U.S Healthcare Statistics
Most Americans feel that they have better healthcare services compared to other parts of the world. While that is mainly true, America is one of the most well-developed countries that has healthcare industry issues. Only 23 percent of Americans have access to the best healthcare in the world, 21 percent are undecided, while the remaining 56 percent do not have any access.
- Americans pay more on healthcare costs than any other nation despite ranking last among the world’s leading developed countries. The average life expectancy of Americans is 60 and the mortality rates of Americans are higher than other developed countries. According to research conducted by The Commonwealth Fund, Americans pay the highest healthcare costs yet have the lowest healthcare outcomes.
- Employers bear a big chunk of healthcare costs in America. Last year, employers paid a staggering 75 percent of costs for healthcare while the employees contributed the rest. It’s one of the most important perks of any job considering that the average cost of medical care without insurance is very pricey.
- The American healthcare industry is now worth $3.5 trillion. Over the last five decades, the healthcare industry has seen substantial growth - back in 1960 it was worth $24.7 billion and now it has risen to over a trillion dollars. The increase is due to the rise in healthcare costs and a population that is becoming more health-conscious every year.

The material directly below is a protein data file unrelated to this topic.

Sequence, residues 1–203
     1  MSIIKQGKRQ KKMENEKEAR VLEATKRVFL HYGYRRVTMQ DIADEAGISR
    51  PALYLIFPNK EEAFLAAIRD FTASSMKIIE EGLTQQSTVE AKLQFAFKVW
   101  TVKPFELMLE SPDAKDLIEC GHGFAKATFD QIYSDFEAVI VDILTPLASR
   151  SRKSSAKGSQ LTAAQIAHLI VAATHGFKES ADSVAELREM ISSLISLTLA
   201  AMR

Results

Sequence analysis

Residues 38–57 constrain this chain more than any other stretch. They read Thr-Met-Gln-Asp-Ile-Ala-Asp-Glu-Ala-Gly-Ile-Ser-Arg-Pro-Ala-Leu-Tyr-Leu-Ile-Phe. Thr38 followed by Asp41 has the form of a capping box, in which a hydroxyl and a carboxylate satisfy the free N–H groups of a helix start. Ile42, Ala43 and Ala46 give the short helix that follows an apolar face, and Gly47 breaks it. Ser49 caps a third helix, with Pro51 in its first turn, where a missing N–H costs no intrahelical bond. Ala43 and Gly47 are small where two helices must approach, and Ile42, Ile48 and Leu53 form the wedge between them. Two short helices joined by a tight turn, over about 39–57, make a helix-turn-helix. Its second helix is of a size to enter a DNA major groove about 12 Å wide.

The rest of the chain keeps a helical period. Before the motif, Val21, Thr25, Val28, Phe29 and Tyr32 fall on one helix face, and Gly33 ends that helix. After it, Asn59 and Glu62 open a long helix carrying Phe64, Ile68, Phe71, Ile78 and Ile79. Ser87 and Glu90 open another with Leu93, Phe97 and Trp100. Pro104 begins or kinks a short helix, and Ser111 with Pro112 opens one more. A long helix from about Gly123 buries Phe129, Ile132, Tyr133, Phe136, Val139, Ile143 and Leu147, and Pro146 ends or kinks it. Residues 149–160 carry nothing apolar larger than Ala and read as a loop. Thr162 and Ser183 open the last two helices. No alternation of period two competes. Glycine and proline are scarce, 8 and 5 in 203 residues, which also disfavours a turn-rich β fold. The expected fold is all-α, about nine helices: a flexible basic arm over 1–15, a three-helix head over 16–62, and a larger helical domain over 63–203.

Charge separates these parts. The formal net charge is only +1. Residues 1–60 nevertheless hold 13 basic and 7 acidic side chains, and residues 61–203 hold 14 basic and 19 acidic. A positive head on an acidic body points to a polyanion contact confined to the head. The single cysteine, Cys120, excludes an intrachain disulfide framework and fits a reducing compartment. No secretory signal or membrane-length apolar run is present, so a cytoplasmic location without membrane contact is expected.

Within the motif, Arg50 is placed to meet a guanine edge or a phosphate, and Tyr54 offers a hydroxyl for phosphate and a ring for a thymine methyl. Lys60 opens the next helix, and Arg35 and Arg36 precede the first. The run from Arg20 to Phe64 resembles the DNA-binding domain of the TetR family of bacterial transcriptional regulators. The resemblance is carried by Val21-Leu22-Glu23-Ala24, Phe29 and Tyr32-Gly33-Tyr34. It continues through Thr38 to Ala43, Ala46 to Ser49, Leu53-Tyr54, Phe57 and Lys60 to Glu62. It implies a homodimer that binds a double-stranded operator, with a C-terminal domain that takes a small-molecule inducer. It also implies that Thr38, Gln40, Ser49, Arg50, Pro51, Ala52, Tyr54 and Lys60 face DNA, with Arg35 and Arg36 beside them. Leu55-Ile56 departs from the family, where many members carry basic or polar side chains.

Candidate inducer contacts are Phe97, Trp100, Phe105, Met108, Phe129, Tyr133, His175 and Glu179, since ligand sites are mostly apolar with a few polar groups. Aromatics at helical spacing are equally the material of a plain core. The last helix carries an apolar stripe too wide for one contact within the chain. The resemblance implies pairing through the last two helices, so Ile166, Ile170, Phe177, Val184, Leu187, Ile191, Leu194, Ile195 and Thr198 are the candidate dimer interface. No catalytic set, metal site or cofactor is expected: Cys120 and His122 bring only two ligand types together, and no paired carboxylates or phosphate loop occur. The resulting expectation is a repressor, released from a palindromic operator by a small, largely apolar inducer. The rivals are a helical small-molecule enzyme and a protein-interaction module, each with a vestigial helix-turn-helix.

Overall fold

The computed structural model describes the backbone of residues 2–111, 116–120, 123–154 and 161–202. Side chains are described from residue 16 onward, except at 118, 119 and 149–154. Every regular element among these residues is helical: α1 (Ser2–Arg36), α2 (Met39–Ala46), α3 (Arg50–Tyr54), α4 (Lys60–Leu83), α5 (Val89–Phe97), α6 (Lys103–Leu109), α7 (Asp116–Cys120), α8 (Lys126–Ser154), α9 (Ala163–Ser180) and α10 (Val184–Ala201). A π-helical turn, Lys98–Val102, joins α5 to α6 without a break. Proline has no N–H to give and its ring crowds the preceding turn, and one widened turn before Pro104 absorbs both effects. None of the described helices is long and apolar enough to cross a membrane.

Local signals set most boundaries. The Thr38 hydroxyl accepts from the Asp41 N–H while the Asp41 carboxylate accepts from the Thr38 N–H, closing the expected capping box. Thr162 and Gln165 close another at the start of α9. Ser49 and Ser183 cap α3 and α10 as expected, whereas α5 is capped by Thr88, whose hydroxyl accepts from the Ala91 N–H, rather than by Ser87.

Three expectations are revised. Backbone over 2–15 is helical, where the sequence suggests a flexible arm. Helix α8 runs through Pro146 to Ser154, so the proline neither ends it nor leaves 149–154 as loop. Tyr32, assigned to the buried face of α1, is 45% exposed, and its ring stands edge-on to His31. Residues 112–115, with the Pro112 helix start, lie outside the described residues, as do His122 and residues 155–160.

- Shortage of doctors. There are only 2.6 doctors for every 1,000 American patients. With a population of 326,766,748 in the United States, there is a clear shortage of doctors in the United States right now.
Why U.S. Healthcare Is So Expensive
It’s not new news that U.S. healthcare is very expensive. In fact, the healthcare industry in the U.S is twice as expensive as it is in any other developed country. So, why is U.S. healthcare so expensive?
- Administrative Costs. According to Harvard economist David Cutler, the number one reason why our healthcare costs are so high is because of the colossal administrative costs. About a quarter of healthcare costs is associated with administration, which is way higher than any other country. An example would be - at Duke University Hospital, they have 1,300 billing clerks but they only have 900 beds. Billing clerks handle the billing process in order to meet the requirements of multiple insurers.
- Defensive Medicine. Doctors are frightened to get sued. So, in order to make sure they don’t get sued, they hand out multiple order of tests even when they already know what the diagnosis is. A Gallup survey estimated that $650 billion a year could be connected to defensive mechanism. This is another big factor as to why the U.S. healthcare industry is so expensive.
- Drug Costs. In almost every country in the world, the government is the one who handles, negotiates, and regulates the drug prices with major drug makers and distributors. However, in America, Congress created Medicare Part D. Medicare has been denied the right to negotiate drug prices unlike The Veteran’s Administration and Medicaid who was allowed to use their power to negotiate and pay the lowest drug prices. Through negotiations, it could allow the federal government to save up to $116 billion over 10 years. With this in mind, can you imagine how much Medicare recipients could save if they also got the same benefits Medicaid recipients receive?
- Branding. In some cases, doctors tend to overcharge to create a “brand”. To quote Andrea Caballero, a program director at Catalyst for Payment Reform, “In some markets, the prestigious medical institutions can name their price.” So basically, doctors can name their price in order to create a brand or reputation for themselves. Psychologically, when people know that the doctor is expensive, then we automatically assume that they’re the best in their field.